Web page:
Tanezumab-Related Adverse Events Adjudicated

Alice Goodman

November 13, 2012

WASHINGTON, DC — Although tanezumab appeared to be highly effective in treating pain and functional impairment in patients with hip and knee osteoarthritis, clinical trials of the drug were temporarily halted by the US Food and Drug Administration (FDA) in 2010 after 87 cases of osteonecrosis were reported in nearly 7000 patients treated with different dose levels of the drug. An independent adjudication committee (IAC) has since determined that only 2 of those 87 cases represented treatment-induced osteonecrosis. However, the drug did cause rapid worsening of osteoarthritis (OA) in 68 patients treated at higher doses and in combination with nonsteroidal antiinflammatory drugs (NSAIDs), according to the IAC findings, presented here for the first time at ACR 2012.

The IAC was chaired by David Hungerford, MD, a retired orthopedic surgeon from Johns Hopkins University School of Medicine and former head of orthopedic surgery, the Good Samaritan Hospital, Baltimore, Maryland, who is an expert on osteonecrosis. The committee also included 3 rheumatologists and 1 bone pathologist.

"We found that despite initial reports from study investigators, tanezumab treatment was not associated with an increase in osteonecrosis, but was associated with an increase in rapid progression of osteoarthritis in 68 patients. These patients were administered higher doses of tanezumab, and were administered tanezumab in combination with NSAIDs," said lead author of the report, IAC member, Marc Hochberg, MD, head of Rheumatology and Clinical Immunology, University of Maryland School of Medicine in Baltimore.

The phase 3 studies reviewed by the IAC included 1029 placebo recipients; 604 patients treated with tanezumab, 2.5 mg; 1771 treated with tanezumab, 5 mg; 1898 receiving tanezumab, 10 mg; 587 receiving tanezumab, 2.5 mg, plus an NSAID; and 1249 treated with tanezumab, 5 mg, plus an NSAID; and 1192 receiving tanezumab, 10 mg, plus NSAID. A total of 1266 patients were treated with an active comparator.

Tanezumab monotherapy was associated with rates of rapidly progressive OA, ranging from 0 events per 1000 patient-years at the lowest dose of 2.5 mg to 11 events per 1000 patient-years at the 10-mg dose (P < .0124 for the difference between the dosing groups). The rate of rapidly progressive OA was higher when tanezumab was combined with NSAIDs, and there was an additional increase with higher doses of tanezumab in combination with NSAID.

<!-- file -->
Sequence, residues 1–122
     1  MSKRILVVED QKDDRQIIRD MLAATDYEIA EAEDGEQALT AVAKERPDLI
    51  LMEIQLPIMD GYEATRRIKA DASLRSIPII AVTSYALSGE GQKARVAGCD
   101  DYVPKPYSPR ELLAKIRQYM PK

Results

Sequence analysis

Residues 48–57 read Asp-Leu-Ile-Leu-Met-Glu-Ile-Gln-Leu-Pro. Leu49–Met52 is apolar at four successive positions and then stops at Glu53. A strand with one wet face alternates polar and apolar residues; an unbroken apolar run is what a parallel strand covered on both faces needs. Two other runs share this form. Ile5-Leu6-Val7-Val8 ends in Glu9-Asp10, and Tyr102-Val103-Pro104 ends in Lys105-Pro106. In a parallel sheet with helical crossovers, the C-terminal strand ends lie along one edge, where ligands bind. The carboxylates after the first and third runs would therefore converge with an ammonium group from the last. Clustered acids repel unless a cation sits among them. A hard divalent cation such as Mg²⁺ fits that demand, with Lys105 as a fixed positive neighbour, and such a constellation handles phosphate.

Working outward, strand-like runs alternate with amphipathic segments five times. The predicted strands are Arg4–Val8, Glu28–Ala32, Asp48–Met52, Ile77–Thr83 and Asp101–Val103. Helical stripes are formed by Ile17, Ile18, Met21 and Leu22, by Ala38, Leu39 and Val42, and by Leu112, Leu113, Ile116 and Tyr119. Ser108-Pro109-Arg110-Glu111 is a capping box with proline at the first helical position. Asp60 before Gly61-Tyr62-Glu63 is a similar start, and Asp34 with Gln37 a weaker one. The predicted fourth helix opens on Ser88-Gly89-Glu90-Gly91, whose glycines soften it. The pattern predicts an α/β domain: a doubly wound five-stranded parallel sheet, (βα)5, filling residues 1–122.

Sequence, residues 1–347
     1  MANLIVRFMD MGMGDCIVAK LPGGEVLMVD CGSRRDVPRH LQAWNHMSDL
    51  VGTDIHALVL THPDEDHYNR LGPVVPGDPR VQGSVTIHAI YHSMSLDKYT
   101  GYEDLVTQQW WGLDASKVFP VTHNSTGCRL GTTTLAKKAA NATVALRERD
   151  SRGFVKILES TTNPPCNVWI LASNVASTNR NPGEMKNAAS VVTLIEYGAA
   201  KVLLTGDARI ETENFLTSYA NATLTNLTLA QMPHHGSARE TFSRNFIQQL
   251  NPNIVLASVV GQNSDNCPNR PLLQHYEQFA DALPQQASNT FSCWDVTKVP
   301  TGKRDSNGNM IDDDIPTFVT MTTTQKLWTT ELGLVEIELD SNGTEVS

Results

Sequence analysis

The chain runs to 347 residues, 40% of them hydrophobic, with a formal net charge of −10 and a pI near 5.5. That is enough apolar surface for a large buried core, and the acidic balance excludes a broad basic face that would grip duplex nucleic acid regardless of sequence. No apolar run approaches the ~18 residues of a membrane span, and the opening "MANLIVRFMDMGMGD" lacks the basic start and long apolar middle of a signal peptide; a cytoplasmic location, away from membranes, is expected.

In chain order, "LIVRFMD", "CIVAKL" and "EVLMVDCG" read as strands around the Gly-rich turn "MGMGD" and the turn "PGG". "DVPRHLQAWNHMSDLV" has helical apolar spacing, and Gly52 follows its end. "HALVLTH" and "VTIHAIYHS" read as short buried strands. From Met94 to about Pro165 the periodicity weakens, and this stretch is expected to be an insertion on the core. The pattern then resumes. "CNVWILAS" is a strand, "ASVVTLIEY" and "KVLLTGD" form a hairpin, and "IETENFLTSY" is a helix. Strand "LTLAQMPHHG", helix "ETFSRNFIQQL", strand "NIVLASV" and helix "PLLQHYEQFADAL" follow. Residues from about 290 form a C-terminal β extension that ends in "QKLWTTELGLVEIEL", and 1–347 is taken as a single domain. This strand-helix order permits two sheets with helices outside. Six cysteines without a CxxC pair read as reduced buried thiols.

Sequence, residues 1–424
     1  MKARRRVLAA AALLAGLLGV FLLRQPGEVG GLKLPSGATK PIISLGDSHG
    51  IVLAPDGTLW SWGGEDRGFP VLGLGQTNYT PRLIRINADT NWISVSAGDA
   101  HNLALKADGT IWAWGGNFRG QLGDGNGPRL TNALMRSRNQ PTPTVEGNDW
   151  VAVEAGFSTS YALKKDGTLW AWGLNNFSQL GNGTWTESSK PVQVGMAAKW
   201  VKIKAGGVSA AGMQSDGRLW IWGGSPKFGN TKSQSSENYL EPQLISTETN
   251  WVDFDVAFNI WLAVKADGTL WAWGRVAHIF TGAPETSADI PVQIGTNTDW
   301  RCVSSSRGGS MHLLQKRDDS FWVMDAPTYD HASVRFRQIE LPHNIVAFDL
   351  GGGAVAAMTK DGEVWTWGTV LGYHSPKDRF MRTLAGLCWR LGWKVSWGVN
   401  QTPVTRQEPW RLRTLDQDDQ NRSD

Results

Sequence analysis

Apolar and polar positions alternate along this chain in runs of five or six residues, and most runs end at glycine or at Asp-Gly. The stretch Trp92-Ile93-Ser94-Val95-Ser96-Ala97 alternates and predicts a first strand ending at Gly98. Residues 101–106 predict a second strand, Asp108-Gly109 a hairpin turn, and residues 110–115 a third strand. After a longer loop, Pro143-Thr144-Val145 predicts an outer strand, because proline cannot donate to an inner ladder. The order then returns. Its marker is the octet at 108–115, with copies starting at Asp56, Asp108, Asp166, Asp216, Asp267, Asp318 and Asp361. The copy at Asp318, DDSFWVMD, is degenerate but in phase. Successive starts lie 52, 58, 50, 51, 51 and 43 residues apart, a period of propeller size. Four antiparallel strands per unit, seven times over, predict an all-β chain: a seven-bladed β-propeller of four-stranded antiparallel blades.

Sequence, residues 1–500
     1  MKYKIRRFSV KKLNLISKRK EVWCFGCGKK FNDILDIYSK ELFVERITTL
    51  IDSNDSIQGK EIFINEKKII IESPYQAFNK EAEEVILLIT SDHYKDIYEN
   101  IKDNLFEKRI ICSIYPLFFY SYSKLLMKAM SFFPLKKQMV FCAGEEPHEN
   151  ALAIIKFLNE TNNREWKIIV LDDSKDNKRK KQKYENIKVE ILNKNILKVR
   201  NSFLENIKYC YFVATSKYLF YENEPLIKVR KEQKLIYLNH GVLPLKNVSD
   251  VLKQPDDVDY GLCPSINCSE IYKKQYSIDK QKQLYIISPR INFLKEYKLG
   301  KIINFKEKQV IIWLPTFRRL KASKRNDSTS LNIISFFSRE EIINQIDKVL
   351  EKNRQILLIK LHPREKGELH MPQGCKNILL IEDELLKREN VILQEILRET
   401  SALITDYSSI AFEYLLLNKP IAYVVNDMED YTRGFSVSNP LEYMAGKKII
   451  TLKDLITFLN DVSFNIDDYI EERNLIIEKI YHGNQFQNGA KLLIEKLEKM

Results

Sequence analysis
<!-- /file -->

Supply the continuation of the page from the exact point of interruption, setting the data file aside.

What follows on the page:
The IAC also found that 9 adjudicated events of rapidly progressive OA occurred before these patients received study medication as participants in a phase 3 OA study.

Tanezumab Testing Resumes, With Certain Caveats

Leslie Tive, PhD, senior director of Medical Affairs at Pfizer (the manufacturer of tanezumab), said, "The FDA has lifted the hold on the development program, and Pfizer plans to incorporate the AC advice into our clinical trials of tanezumab."

"In my 33 years of rheumatology practice, I've never seen anything like this drug in terms of its efficacy in alleviating pain and functional disability. We want to get it to market. We need to figure out how to prevent worsening osteoarthritis using lower doses of the drug and as monotherapy. We want to revive this program," stated Stanley Cohen, MD, from Rheumatology Associates, Dallas, Texas, who served as past president of the ACR.

"The take-home message of this study is that if the sponsor wants to develop this compound for OA pain at the knee and hip, they will need to study it at doses of 2.5 or 5 mg infusion every 8 weeks and not in combination with NSAIDs," stated Lee Simon, MD, a rheumatologist and consultant with SDG, LLC in Cambridge, Massachusetts.

"Probably the most important factor moving forward is to identify when and in whom to use this drug. We need to understand who is at risk for serious adverse events and should not be exposed to this drug," Dr. Simon stated.

Dr. Hochberg has received funding from Abbott Laboratories, Astra Zeneca, Bioiberica S.A., Eli Lilly Inc, Genentech/Roche, Merck Inc, Novartis Pharma A.G., Pfizer Inc, Stryker LLC, and Xoma. Dr. Cohen has served as a clinical investigator and/or research consultant for Amgen Inc, Biogen Idec, Bristol-Myers Squibb, Centocor Ortho Biotech Inc, Genentech Inc, Hoffmann-La Roche Inc, Pfizer Inc, and sanofi-aventis. Dr. Simon reports financial relationships with more than 190 pharmaceutical companies, including Pfizer, and other institutions.

ACR 2012. Abstract 260. Presented November 11, 2012.

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